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The Property Tax Bound

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  • Giertz, J. Fred

Abstract

In most states, the property tax departs markedly from the ideal of a low–rate, broad–based tax that treats various types of real property uniformly. Recently, many states have responded to rapidly rising residential property values with new constraints such as assessment caps. This paper will review property tax performance and analyze several arguments relating to alleged deficiencies of the property tax. The analysis suggests that the property tax has performed well by most measures and that it ranks high in terms of both stability and revenue elasticity. The restrictions and constraints imposed on the property tax are likely the result of the pursuit of political objectives by decision makers and not the result of structural problems with the tax itself.

Suggested Citation

  • Giertz, J. Fred, 2006. "The Property Tax Bound," National Tax Journal, National Tax Association;National Tax Journal, vol. 59(3), pages 695-705, September.
  • Handle: RePEc:ntj:journl:v:59:y:2006:i:3:p:695-705
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    Cited by:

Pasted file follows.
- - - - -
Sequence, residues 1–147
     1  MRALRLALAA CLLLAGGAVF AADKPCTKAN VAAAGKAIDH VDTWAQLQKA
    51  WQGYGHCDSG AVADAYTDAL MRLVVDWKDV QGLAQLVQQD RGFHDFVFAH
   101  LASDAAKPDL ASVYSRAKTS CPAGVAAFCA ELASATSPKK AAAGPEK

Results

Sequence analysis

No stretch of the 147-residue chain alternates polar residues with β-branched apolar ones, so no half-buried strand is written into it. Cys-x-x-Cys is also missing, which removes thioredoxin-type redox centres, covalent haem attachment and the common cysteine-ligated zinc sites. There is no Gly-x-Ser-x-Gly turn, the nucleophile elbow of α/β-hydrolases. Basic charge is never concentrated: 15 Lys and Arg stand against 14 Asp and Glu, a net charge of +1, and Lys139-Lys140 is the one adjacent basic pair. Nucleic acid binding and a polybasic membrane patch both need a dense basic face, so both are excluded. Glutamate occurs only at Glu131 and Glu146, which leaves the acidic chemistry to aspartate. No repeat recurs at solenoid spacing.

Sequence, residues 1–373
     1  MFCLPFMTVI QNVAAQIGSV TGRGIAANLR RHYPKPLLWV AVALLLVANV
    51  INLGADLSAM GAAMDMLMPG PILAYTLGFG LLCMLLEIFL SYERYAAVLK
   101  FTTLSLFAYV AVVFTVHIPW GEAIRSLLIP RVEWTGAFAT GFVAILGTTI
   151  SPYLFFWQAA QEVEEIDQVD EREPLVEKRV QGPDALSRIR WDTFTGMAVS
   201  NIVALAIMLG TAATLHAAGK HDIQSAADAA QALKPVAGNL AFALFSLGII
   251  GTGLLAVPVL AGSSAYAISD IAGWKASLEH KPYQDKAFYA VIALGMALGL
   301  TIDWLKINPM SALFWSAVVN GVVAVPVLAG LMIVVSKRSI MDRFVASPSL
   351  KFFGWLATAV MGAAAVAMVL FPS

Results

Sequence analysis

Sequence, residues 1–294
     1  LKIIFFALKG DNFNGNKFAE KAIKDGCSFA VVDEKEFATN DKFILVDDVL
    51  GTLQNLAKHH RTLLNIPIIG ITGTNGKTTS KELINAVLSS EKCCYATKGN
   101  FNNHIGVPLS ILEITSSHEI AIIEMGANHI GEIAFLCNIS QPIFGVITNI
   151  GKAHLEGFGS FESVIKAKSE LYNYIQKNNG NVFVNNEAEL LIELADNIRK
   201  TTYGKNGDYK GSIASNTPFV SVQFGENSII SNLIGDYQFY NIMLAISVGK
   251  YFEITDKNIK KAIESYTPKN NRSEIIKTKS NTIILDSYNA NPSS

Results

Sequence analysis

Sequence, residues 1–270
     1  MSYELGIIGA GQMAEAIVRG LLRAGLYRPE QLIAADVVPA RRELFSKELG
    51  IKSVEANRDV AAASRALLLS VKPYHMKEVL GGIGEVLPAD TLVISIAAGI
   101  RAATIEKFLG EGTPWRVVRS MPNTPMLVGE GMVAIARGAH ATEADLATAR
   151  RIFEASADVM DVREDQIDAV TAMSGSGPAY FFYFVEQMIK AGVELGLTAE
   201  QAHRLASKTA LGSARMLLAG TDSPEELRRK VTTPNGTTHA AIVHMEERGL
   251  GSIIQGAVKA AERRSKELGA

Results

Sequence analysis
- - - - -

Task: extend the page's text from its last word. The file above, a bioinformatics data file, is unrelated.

1. Lutz, Byron & Molloy, Raven & Shan, Hui, 2011. "The housing crisis and state and local government tax revenue: Five channels," Regional Science and Urban Economics, Elsevier, vol. 41(4), pages 306-319, July.
    2. Agnese Sacchi & Simone Salotti, 2017. "The influence of decentralized taxes and intergovernmental grants on local spending volatility," Regional Studies, Taylor & Francis Journals, vol. 51(4), pages 507-522, April.
    3. Byron F. Lutz, 2008. "The connection between house price appreciation and property tax revenues," Finance and Economics Discussion Series 2008-48, Board of Governors of the Federal Reserve System (U.S.).
    4. François Geerolf & Thomas Grjebine, 2014. "Assessing House Price Effects on Unemployment Dynamics," Working Papers 2014-25, CEPII research center.

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